Analysis: Moshe Katsav to be sentenced

Any decision to imprison former president will carry enormous weight – not just for former president but for entire legal system and the country.

Katsav walking from court 311 (R) (photo credit: REUTERS/Nir Elias)
Katsav walking from court 311 (R)
(photo credit: REUTERS/Nir Elias)
After months of speculation, the questions over former president Moshe Katsav’s punishment will be answered Tuesday morning when Tel Aviv District Court judges George Karra, Judith Shevach and Miriam Sokolov lay down the sentence concluding his rape trial.
Shortly after 9 a.m., when the hearing begins, the ears of the nation will be glued to the voice of the judges as they read out their decision and determine the fate of the state’s former No. 1 citizen.
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Their decision – which will carry historic significance, not just for Katsav but for the entire legal system and the country as a whole – will bring to an end a two-year trial and a saga that has both fascinated and repelled the Israeli public for more than five years.
Along the way the story has taken many twists and turns.
They started with claims by Katsav that he was being blackmailed by an employee, and continued through a long investigation into suspicions that he had committed sexual offenses, revelations that a string of women had claimed he raped them, a plea bargain that would have acquitted him from all major charges but which he quickly canceled, two harsh press conferences at which he hurled blanket accusations at the press, and finally a long, seemingly endless trial that culminated in a decisive conviction in December.
Since that day, on which the former president was convicted of two counts of rape, sexual harassment, committing an indecent act while using force, witness harassment and obstruction of justice, the question on everyone’s mind has been whether he will serve time in prison and, if so, for how long. A February 22 pre-sentence hearing, in which prosecutors and Katsav’s lawyers presented arguments, failed to reveal much information because the state did not request a specific number of years in prison.
Though many believe a prison term is inevitable, the judges can conceivably let Katsav off with probation and community service. But they can also put him behind bars for more than a decade.
When determining the sentence, the judges will have taken into account a wide range of factors, some mitigating and some aggravating.
Above all, they will be aware of the huge symbolic significance of their decision and the ramifications it will have on the world’s perception of Israel, and on the perception of the justice system by rank and file Israelis.
On the mitigating side, they surely will have taken into account the public trial Katsav endured in the media.
Both the former president and his lawyers have said that what he went through in the years since the affair came to light was punishment enough for a lifetime.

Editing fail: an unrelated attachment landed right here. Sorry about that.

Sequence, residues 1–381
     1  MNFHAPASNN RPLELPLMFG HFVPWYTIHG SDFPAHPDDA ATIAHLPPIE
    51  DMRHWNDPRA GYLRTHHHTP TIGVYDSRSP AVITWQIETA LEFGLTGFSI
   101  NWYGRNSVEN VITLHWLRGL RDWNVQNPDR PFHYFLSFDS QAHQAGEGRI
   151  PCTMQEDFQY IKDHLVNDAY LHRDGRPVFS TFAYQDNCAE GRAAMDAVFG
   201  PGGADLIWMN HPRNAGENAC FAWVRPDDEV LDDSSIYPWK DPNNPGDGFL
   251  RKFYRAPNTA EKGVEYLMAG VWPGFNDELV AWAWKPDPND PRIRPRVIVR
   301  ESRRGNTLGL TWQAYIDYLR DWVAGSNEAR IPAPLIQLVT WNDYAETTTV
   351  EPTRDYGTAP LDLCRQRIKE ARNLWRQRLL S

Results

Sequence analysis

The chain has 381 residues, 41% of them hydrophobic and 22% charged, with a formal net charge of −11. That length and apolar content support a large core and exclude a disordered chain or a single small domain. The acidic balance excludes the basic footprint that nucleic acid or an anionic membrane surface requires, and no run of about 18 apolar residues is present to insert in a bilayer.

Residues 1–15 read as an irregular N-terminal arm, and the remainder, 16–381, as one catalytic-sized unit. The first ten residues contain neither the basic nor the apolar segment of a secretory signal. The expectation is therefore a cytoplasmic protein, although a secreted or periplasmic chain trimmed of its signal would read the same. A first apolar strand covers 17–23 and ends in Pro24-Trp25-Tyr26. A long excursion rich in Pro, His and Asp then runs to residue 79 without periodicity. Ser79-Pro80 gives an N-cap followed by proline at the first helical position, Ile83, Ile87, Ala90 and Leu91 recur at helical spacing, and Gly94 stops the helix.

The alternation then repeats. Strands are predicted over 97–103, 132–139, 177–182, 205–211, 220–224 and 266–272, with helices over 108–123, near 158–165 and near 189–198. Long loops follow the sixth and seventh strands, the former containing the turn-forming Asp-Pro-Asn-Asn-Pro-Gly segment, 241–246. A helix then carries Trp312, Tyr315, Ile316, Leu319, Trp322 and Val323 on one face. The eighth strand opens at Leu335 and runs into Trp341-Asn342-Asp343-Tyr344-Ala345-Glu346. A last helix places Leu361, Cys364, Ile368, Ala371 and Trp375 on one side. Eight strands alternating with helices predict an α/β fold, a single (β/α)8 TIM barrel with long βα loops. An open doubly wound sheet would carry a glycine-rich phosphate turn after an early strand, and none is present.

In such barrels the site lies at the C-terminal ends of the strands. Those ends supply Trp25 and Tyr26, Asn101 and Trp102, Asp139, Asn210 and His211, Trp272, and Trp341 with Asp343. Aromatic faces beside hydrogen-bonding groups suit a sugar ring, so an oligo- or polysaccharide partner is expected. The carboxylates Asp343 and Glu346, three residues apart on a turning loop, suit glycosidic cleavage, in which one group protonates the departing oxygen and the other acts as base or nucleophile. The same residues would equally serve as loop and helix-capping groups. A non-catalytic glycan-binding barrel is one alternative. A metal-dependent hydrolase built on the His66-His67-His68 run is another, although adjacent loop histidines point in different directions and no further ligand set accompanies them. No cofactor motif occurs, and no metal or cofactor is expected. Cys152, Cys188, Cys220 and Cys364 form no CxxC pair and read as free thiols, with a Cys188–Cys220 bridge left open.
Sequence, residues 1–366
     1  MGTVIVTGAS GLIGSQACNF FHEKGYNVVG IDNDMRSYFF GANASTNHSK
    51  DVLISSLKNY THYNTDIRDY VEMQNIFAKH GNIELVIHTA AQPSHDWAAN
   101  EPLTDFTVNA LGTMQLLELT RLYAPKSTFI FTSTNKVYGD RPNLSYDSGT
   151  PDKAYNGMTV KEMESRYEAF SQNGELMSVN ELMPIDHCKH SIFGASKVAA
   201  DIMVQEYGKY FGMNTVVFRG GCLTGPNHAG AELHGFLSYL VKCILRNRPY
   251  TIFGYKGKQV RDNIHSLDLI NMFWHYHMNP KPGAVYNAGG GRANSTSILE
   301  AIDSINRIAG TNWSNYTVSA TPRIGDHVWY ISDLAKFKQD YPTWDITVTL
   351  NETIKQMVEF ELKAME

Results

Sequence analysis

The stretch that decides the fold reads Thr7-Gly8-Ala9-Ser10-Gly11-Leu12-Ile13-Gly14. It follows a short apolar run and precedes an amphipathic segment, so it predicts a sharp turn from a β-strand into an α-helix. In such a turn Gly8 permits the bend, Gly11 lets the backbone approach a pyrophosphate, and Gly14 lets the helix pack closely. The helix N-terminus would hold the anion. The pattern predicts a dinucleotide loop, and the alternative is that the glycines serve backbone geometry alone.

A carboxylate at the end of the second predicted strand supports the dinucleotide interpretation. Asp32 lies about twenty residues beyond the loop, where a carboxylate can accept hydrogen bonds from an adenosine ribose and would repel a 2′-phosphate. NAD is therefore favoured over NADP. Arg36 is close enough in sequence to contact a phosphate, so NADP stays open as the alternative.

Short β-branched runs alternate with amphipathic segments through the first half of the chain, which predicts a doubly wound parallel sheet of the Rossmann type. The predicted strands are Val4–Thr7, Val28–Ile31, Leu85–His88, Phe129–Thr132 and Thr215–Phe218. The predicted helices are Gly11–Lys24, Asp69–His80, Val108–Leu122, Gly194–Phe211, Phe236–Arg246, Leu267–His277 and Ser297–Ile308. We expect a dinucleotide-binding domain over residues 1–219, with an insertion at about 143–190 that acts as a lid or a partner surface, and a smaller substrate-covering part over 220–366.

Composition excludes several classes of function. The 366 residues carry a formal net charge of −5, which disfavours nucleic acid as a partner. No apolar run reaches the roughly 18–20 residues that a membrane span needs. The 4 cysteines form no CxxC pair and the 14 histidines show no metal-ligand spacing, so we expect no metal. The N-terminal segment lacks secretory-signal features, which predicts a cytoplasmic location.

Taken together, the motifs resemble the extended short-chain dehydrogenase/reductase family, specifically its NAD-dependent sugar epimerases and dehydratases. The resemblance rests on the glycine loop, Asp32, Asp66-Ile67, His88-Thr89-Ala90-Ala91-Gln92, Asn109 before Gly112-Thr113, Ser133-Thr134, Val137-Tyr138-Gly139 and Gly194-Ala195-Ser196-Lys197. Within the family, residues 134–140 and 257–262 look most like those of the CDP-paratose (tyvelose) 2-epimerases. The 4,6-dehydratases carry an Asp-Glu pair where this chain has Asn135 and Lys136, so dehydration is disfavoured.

During the pre-sentencing hearing, his lawyers referred to him as “a broken vessel” and “a zombie.”
Another factor his lawyers hope will lighten the sentence is Katsav’s long history of working for the public good, but this may be a double- edged sword because it emphasizes the extent of his failings.
An additional mitigating factor may be his age and well-being. Katsav is 65 years old and the trial has drained him, and the judges are likely to be more lenient if they think hard time will have a direct impact on his health.
Beyond this, the judges will have taken into account his lack of prior offenses and the amount of time that has passed since the offenses took place.
Perhaps chief on the list of aggravating factors is the fact that to this day, Katsav has failed to admit to any wrongdoing and has refused to take responsibility for his actions.
Throughout the trial, he maintained his innocence and continued to accuse his victims of fabricating stories.
Katsav’s antagonistic behavior throughout the trial even warranted comment in the verdict, where the judges characterized him as a liar and a bully.
“The defendant’s testimony was full of lies, big and small, and was characterized throughout by manipulations and hidden information,” they wrote.
Other factors that the judges have considered are the repetitive nature of the crimes and Katsav’s abuse of power when he committed them. Two of the rape charges were from his time as a cabinet minister, and the sexual harassment charge was from his term as president. Just as his public service can be measured to his credit, his exploitation of power and authority can be added to his faults.
The fact that Katsav served as the formal head of state carries with it enormous symbolic significance. The eyes of the world will be watching to see if the Israeli justice system sends a former president to jail, and the judges will surely consider the statement the sentence makes about the rule of law in Israel. However, here, too, the knife cuts both ways, as the judges do not want to be seen as being over-zealous and showcasing their independence.
Today in Israel, the minimum sentence for rape is four years, which is a quarter of the maximum sentence. At the time of Katsav’s offenses, there was no minimum, meaning it does not bind the judges in their decision.
Nevertheless, some suggest it as an appropriate benchmark.
In a news interview on Channel 2, Haifa University law professor Emanuel Gross estimated that the court would adopt the legislature’s decision, determining that the punishment start at a minimum of four years.
“Any sentence below four years will appear to be unjust,” Gross said.
Even if sentenced to a prison term, Katsav is not expected to go directly to jail, as the state announced it would give him several weeks in which to prepare himself.